By Breeana Greenberg
The Orange County Sheriff’s Department is expected to fully roll out its body-worn camera system by July, according to OCSD Director of Public Affairs and Community Engagement Carrie Braun.
Dana Point Police Services, the last patrol station to get its body-worn cameras online, launched its system on May 31 following a weekslong implementation delay. The postponement, Dana Point Police Chief Lt. Kirsten Monteleone explained, was the result of connectivity issues.
The rollout consists of “over 1,000 body-worn cameras throughout (OCSD’s) 13 contract cities, unincorporated areas, Transit Police Services, Harbor Patrol, and John Wayne Airport Police Services,” Braun said in an email.
The cameras’ purpose—part of a $12.7 million contract that the Orange County Board of Supervisors approved in July 2021—is to capture all interactions between OCSD department members and the public, as well as interviews with suspects and victims.
“I just wanted to say why this is so important,” Orange County District Attorney Todd Spitzer said during the July 27, 2021 Supervisor meeting. “First of all, it helps the sheriff’s department determine which cases it’s going to submit to district attorneys for prosecution. It helps my office determine which cases we’re going to file and what the appropriate disposition will be.”
Additionally, recorded footage can help public defenders determine whether to pursue fighting their case with the input of additional evidence, Spitzer continued. He also emphasized the value of having “real, live information telling you what happened in the field.”
The Orange County Board of Supervisors’ approval came after the conclusion of two pilot programs that helped OCSD determine “future storage and resource needs” to process the data recorded by body-worn cameras, according to the staff report.
According to OCSD’s website, the pilot program revealed “a favorable response during public interactions and report writings, easy methods to manage and locate videos and cloud sharing that reduces the time and costs associated with sharing evidence with other law enforcement entities.”
However, the program also revealed technological challenges such as upload speeds.
For Monteleone, who recognizes the program’s evidentiary benefits, she says the cameras’ purpose is “to capture everything that we see and things that we don’t see as well.”
“This is a fantastic tool, in my opinion,” she said. It’s also to promote accountability with the public. If you know that you’re being recorded, it’s not a bad thing.”
The cameras will be on “any time there is public contact, regardless,” Monteleone said.
“If (deputies are) on a call, if they do anything proactive, they do a car stop, it’s always on,” she said. “The only time it isn’t on is when they’re just by themselves, not on a call for service or doing any enforcement.”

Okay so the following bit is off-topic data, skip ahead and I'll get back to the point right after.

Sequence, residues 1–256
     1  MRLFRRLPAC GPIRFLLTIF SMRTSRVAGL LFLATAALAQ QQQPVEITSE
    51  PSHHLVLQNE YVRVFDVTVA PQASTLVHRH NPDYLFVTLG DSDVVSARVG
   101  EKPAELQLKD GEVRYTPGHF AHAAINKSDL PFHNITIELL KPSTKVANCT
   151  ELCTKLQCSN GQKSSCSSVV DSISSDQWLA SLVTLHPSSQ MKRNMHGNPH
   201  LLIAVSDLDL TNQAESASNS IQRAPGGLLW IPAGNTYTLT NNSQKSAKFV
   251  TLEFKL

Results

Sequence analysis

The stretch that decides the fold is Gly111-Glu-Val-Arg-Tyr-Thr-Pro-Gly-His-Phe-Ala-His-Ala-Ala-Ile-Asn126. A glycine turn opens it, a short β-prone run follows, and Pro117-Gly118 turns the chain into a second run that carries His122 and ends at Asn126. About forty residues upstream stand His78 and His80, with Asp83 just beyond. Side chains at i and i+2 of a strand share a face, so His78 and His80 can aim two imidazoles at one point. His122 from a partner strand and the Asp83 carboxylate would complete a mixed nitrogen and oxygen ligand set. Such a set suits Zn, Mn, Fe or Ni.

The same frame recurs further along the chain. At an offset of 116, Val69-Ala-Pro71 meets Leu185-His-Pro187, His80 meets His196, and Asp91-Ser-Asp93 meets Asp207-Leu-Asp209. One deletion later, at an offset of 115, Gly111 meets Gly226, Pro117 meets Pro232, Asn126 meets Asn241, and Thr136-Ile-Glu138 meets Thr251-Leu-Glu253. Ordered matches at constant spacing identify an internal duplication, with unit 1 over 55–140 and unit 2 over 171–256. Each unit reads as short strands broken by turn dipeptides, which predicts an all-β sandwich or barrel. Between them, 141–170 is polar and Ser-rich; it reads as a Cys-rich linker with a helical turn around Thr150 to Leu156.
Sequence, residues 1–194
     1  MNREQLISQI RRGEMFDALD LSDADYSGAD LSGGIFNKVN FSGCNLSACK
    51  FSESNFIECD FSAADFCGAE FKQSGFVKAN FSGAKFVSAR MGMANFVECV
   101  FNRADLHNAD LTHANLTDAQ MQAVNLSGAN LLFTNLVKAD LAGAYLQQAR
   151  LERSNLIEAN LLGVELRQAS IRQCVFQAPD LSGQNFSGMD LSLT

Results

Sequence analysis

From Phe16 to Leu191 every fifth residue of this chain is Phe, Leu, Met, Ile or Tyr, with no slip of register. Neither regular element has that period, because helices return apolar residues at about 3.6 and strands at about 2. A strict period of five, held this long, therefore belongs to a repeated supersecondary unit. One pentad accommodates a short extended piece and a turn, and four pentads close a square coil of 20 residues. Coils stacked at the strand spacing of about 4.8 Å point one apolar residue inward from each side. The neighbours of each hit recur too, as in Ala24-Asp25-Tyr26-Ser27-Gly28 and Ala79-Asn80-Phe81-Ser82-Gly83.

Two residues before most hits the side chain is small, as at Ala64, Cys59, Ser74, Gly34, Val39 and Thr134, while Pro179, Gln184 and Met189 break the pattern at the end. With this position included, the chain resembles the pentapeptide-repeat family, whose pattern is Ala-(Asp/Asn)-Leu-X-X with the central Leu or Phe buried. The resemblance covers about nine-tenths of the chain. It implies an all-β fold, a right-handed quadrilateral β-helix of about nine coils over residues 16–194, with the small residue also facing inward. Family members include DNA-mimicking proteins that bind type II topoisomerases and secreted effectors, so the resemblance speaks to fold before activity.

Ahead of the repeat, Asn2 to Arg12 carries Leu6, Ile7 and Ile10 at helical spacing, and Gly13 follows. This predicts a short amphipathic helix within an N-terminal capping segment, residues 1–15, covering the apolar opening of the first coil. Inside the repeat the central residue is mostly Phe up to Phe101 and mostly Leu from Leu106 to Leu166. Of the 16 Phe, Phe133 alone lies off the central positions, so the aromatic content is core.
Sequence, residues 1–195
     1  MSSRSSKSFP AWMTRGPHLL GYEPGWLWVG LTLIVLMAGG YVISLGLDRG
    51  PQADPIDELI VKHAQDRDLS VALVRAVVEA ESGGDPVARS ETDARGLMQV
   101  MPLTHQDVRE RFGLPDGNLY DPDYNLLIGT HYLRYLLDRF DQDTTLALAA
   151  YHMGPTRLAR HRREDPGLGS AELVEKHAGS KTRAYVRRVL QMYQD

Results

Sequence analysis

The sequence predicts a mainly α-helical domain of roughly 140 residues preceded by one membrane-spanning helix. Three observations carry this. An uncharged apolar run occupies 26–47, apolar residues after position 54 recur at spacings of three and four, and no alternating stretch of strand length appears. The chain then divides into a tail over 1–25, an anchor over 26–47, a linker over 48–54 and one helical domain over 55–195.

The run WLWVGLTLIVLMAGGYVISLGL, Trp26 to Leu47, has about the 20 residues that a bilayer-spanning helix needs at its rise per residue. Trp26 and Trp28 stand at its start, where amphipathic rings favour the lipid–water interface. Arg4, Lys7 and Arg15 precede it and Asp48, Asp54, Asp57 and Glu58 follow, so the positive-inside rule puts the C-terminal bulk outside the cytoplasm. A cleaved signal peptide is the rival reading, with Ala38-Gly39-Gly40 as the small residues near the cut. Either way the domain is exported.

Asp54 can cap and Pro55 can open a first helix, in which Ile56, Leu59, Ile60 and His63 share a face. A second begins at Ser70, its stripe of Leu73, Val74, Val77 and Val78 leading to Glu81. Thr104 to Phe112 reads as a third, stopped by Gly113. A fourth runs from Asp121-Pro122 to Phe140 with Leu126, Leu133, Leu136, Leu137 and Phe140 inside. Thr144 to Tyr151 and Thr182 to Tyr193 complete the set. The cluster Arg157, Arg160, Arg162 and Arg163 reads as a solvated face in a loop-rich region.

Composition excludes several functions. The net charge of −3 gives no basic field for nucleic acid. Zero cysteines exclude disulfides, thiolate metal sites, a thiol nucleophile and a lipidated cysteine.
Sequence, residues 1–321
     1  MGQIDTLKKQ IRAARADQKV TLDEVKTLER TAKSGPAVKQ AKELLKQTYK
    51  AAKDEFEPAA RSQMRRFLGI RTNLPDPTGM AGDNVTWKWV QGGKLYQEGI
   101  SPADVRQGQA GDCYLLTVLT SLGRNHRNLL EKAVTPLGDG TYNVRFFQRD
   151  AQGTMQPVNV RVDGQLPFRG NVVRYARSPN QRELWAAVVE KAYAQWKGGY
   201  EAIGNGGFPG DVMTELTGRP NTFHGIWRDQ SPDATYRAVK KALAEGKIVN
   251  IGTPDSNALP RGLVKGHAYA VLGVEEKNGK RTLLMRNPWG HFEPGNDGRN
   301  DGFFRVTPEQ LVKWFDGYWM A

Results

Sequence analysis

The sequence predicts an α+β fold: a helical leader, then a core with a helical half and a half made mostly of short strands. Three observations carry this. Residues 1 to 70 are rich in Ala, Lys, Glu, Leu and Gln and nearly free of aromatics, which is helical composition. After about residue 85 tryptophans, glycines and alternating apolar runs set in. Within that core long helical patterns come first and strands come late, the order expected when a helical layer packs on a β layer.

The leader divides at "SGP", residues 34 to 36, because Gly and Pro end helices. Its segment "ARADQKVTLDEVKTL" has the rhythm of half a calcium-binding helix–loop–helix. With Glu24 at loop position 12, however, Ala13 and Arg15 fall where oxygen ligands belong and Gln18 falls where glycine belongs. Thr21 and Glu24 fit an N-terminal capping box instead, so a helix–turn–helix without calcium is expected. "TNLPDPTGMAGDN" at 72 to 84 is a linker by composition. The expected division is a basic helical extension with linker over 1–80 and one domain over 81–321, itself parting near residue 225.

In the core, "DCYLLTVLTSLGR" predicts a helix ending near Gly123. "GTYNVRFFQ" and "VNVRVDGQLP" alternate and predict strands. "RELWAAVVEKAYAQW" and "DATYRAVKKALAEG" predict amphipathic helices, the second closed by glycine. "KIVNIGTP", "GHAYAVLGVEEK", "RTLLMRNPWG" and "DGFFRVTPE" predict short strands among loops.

OCSD personnel are expected to activate their body-worn cameras “prior to arriving at a call or initiating enforcement action and shall terminate once the Member has cleared their self from the call or the contact and/or the incident has concluded,” according to OCSD’s Policy 447 on Body-Worn Camera and In-Car Video Systems.
When cameras are turned off at the conclusion of an incident, personnel are expected to “verbally note the date, time and reason for the deactivation on the recording itself.”
Additionally, according to the policy, personnel are not to turn off their cameras if a citizen requests that they do so unless the circumstances require an exception, such as victim confidentiality or the safety of a confidential informant or citizen informant.
“There (are) some guidelines in regards to confidentiality,” Monteleone said. “It’s going to be a case-by-case situation.”
Footage recorded by body-worn cameras will be stored for a minimum of two years.
The public may request access to body-worn camera footage through a public records act submission and may visit the OCSD website for information on records requests.
San Clemente Police Service’s body-worn camera system was implemented in October 2021 as part of a phased deployment of the program across OCSD’s divisions.
The cameras have “been effective in assisting our deputies to accurately capture interactions with the public to promote accountability and enhance public trust,” Braun said.
Braun added that the cameras have been a useful tool to support deputies writing reports and providing testimony.
“The cameras also go beyond these purposes to enhance public trust by promoting accountability during police-public interactions,” Braun said. “In some cases, body camera videos may also provide a positive training opportunity to continuously improve the skills of deputies.”
However, Braun noted that the cameras should be considered as only one of many sources of data on an incident.
“While they are a beneficial tool, the cameras provide only a limited view of any incident or encounter,” Braun said. “The videos should be considered as another point of reference alongside witness and victim statements, interviews, forensics, and any other applicable evidence or documentation.”
Monteleone said she is optimistic that the body-worn cameras will be a helpful tool for her deputies.
“I think, going down the road when we’re prosecuting these crimes—the camera doesn’t lie. I think that it’s really going to be a helpful tool down the road,” Monteleone said. “Once we start using it more, like I said—it’s only been a couple weeks—but it’s going to be invaluable, and I think it’s going to actually help some of our crimes down the road get solved.”
Breeana Greenberg is the city reporter for the Dana Point Times. She graduated from Chapman University with a bachelor of arts degree in English. Before joining Picket Fence Media, she worked as a freelance reporter with the Laguna Beach Independent. Breeana can be reached by email at firstname.lastname@example.org